1. Dougherty, Molly C. RN, PhD, Editor

Article Content

Tobacco was a New World cultivar introduced to early Europeans by American Indians who smoked it ritually in clay pipes. European explorers imported tobacco to Europe where it was taken up enthusiastically. After New World settlement by Europeans and the cultivation of tobacco on farms, tobacco became a cash crop. Over time its commercial value was enhanced by advertising and regular use by men, particularly (CNN, 2000).


In a commercial environment that linked business interests and government, policy favored tobacco use. I recall my surprise in learning that my father-in-law, a United States foot soldier who served in France during World War I, was issued packages of cigarettes with his food rations. He was true to the brand he was issued until he quit smoking half a century later after a myocardial infarction. National and local policy favored a good business environment for tobacco interests. Nearly a century later, much has changed. In some states, law prohibits tobacco use in buildings used by the public.


The evolution of tobacco use followed an upward arc of a curve as increasing numbers of people became regular users. Eventually, tobacco was advertised to attract women and the very young. The downward arc of the curve in tobacco use was led by such groups as physicians who were influenced by the burgeoning volume of research demonstrating the destructive qualities of tobacco. The downward arc of tobacco use has been supported by increasingly strong policy making tobacco use less available, less attractive, and more expensive.


With this issue of Nursing Research, we are happy to be a part of this evolution, that is, the downward arc of tobacco use and the upward arc of policy restricting it. This supplement to Nursing Research edited by Drs Linda Sarna and Stella Aguinaga Bialous contains a wide range of articles related to tobacco cessation and the role of nurses and of nursing in advancing the cause of tobacco cessation. The articles-all related to tobacco cessation-feature an analysis of future directions for nursing research, an examination of the state of the science, an extensive annotated bibliography, an analysis of cessation interventions in special populations, and historical perspectives on nursing involvement in tobacco cessation. Other articles address intervention studies and the role of evidence-based practice in tobacco cessation. The concluding article is an analysis of the relationship between policy and nursing research. This supplement buttresses policy supporting tobacco cessation because dissemination of knowledge is essential to policy development and implementation. In these articles, the link between the evolution of tobacco use and policy is evident.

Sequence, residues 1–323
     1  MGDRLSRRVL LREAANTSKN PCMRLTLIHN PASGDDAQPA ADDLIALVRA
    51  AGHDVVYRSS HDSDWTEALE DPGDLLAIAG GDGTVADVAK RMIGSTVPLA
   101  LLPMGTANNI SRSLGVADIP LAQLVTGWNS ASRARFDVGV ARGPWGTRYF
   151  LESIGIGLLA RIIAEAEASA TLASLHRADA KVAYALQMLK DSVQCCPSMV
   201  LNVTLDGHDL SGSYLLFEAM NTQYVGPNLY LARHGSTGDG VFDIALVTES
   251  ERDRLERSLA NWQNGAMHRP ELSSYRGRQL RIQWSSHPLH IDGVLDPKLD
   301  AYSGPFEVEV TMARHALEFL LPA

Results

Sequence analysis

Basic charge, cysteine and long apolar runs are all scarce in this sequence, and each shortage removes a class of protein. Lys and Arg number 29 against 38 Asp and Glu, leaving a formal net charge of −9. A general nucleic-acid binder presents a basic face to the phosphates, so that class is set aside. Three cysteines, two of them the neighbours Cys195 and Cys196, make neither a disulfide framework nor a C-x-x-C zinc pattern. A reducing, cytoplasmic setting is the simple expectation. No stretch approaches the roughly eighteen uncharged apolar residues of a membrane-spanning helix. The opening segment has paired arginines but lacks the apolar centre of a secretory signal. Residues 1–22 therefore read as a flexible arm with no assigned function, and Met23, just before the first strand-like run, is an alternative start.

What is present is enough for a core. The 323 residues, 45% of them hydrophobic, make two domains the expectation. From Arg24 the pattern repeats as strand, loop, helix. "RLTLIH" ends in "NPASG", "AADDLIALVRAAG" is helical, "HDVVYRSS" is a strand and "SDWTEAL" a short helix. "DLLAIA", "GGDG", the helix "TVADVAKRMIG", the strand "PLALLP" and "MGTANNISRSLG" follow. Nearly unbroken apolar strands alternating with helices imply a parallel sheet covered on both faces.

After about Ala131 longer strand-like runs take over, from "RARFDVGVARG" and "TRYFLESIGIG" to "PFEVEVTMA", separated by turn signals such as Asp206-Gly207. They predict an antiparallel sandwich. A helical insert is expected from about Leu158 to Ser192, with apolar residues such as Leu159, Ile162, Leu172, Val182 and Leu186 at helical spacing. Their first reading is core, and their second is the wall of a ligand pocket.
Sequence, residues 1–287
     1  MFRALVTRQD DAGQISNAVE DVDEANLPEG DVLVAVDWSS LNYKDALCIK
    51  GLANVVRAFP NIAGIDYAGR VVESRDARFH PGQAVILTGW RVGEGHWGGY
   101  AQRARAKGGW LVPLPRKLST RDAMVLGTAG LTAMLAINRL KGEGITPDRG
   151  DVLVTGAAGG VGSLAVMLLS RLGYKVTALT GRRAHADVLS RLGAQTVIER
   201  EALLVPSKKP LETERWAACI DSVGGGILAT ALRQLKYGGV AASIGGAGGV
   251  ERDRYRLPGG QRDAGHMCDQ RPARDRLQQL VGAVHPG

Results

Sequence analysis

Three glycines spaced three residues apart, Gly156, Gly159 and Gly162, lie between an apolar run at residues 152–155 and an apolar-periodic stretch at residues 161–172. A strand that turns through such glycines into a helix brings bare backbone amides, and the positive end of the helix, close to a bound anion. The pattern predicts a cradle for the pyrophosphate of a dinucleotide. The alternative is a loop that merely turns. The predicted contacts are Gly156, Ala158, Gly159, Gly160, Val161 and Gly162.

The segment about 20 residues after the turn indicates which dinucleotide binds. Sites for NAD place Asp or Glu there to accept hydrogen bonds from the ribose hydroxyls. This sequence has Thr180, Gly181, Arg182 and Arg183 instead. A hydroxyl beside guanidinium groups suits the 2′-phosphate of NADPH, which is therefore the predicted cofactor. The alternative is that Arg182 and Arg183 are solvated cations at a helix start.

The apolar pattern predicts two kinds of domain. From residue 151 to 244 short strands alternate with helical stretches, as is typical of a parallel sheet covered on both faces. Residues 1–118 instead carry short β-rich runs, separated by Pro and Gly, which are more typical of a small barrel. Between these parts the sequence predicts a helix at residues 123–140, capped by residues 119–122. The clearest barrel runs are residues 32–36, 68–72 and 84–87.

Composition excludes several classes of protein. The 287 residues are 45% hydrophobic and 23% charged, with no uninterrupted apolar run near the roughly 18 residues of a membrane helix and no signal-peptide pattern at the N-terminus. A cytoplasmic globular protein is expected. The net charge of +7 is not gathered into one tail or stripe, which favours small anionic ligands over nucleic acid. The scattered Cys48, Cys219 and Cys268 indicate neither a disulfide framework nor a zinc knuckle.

Molly C. Dougherty, RN, PhD






Cable News Network. (2000). Focus: Tobacco under attack. A brief history of tobacco. Retrieved June 12, 2006, from[Context Link]